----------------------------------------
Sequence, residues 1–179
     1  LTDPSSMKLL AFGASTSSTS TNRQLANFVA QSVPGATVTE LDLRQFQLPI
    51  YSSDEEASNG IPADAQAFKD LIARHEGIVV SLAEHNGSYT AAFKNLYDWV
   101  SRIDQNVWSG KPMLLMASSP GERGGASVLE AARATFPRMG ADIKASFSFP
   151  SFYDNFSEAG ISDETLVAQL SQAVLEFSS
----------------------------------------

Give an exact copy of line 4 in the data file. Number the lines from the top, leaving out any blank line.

   101  SRIDQNVWSG KPMLLMASSP GERGGASVLE AARATFPRMG ADIKASFSFP